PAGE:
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Surviving High Heels

Last month, the woman who set the prime example for what it means to be living la vida fashionista, Sarah Jessica Parker, told Net-A-Porter that years of wearing high heels have taken a toll on her sweet feet, leaving us with the impression that she may be retiring her stilettos.

I am stunned, possibly scarred. To me, Carrie Bradshaw without her Manolo Blahnik shoes is as serious an offense as Superman without the big ‘S’ on his chest. It’s just not the way the world is meant to be.

Now, I take foot care very seriously. Having been raised by a father with one leg, I live with great gratitude for every limb I have and I take good care of all of them. And there really are a few valid studies out there that show how the overuse of extreme high heels can, in fact, mangle your feet over time. However, I refuse to give up my heels. Refuse! I will practice caution, but I will never retire my 5″ platforms.

So long as you practice care and caution, too, there is no reason why you should end up in Parker’s unfortunate situation. Here are my tips for surviving high heels:

1. Wear the correct size shoes. Age, weight gain and weight loss can change your feet and their size. Go to your favorite shoe boutique and ask to be measured by a professional. Nothing will damage your tootsies more than wearing the wrong size shoes. And continue to be measured on, at least, a yearly basis.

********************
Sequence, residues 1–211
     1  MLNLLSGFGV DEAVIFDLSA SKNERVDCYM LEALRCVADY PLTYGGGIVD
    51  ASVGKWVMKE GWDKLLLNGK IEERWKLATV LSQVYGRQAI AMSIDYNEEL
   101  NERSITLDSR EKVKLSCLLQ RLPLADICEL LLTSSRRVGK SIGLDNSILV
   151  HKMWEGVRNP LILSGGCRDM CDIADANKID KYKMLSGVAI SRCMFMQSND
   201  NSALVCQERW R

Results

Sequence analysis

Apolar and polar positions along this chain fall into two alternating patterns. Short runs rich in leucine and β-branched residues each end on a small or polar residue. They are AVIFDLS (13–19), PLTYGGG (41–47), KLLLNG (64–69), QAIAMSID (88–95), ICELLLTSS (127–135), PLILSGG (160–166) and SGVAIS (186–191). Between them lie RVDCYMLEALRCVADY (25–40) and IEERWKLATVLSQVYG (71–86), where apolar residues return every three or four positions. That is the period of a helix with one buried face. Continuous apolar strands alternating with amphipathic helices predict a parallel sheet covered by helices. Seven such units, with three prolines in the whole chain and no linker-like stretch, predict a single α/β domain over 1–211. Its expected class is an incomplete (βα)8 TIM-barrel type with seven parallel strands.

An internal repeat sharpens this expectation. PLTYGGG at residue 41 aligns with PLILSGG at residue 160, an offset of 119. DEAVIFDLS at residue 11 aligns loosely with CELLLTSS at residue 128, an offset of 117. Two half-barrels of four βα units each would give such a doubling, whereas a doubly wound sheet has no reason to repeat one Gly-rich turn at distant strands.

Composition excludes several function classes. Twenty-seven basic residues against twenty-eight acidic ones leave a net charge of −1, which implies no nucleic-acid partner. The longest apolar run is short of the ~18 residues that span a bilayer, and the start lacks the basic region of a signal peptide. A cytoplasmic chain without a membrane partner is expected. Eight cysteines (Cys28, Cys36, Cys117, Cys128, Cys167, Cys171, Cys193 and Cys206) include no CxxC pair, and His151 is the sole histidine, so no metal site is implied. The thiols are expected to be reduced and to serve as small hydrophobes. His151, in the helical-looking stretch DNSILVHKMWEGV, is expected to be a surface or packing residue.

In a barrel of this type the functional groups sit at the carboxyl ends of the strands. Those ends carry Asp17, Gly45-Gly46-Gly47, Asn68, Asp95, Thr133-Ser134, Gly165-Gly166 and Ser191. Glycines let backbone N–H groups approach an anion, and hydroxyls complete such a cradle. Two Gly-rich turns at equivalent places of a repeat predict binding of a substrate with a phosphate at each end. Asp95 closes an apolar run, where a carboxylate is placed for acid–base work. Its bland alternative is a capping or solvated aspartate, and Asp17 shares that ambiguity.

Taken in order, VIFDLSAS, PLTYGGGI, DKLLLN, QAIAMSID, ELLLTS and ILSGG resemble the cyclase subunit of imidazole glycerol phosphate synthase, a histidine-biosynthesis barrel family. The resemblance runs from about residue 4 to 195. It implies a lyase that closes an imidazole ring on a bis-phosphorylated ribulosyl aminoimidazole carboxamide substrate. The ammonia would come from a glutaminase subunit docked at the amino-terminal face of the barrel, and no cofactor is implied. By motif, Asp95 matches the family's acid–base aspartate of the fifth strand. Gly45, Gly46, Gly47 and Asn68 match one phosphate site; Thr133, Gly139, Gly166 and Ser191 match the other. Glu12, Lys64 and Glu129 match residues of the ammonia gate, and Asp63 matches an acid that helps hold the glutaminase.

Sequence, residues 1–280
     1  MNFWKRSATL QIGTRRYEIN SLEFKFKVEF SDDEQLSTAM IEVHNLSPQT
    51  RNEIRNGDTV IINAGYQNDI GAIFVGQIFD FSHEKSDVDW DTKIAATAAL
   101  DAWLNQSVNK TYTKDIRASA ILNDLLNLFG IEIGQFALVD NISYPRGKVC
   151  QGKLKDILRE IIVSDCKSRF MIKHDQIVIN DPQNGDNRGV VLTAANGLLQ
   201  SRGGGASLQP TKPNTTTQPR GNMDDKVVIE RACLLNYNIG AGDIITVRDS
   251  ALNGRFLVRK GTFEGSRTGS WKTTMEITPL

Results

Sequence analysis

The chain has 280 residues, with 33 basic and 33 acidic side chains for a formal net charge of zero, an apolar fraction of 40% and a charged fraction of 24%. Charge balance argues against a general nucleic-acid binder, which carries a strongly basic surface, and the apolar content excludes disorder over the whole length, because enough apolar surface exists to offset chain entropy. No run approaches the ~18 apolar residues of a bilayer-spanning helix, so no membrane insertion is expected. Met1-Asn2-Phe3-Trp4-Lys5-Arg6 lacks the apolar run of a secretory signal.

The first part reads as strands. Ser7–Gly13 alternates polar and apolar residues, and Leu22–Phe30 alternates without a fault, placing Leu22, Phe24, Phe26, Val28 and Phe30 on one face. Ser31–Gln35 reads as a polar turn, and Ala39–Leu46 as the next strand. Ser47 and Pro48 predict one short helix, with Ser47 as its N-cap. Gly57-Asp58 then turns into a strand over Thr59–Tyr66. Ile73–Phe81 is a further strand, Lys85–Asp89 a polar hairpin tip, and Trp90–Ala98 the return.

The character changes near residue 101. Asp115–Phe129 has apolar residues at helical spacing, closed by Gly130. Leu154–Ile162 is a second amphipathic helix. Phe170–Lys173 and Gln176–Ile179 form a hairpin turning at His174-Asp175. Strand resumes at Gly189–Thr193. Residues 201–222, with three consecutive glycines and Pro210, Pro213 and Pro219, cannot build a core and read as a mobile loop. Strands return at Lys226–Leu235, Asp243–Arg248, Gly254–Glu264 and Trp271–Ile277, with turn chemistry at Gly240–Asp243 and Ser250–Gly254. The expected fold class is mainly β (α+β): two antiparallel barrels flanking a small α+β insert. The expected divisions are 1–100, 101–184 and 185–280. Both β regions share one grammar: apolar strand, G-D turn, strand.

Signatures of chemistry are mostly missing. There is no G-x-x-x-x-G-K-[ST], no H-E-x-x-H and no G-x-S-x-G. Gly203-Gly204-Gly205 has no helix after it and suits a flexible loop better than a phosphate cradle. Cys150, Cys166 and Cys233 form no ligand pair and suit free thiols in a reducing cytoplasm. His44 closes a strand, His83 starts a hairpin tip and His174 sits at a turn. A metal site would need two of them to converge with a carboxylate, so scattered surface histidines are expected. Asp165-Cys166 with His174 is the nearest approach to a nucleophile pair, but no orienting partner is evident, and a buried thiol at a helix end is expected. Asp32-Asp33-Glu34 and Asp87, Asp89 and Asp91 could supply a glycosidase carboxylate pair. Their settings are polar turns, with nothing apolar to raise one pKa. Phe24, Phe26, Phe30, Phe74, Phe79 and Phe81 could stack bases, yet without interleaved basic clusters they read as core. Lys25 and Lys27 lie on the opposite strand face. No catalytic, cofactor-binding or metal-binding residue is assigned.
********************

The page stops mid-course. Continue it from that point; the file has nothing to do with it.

2. Use foot care aids, such as shoe pads, toe separators and bunion controllers. Shoe pads and liners can add a lot of comfort to your footwear. And some of your shoes may even call for sturdy arch supports. I maintain a good stock of all of these. They make a huge difference. Foot Petals and Dr. Scholl’s are my two favorite brands for shoe pads, but you should really shop around and see what works for you.

Toe separators are not only great for pedicures, but they also help to stretch out, relax and realign your toes. Next time you’re at the drugstore, visit the foot care section and shop for gel toe relaxers. Just five minutes of use can relieve sore feet.

I am a big fan of the bunion controller. It is the most unattractive thing in the world, but it makes my big toe feel so good. Normally one wears a bunion controller overnight, but I find that one to two hours is all I ever need. A bunion controller is something you should only need to wear once in a while. If you find yourself needing it on a daily basis, I highly recommend you see your doctor or a podiatrist as soon as you can.

surviving high heels foot care aids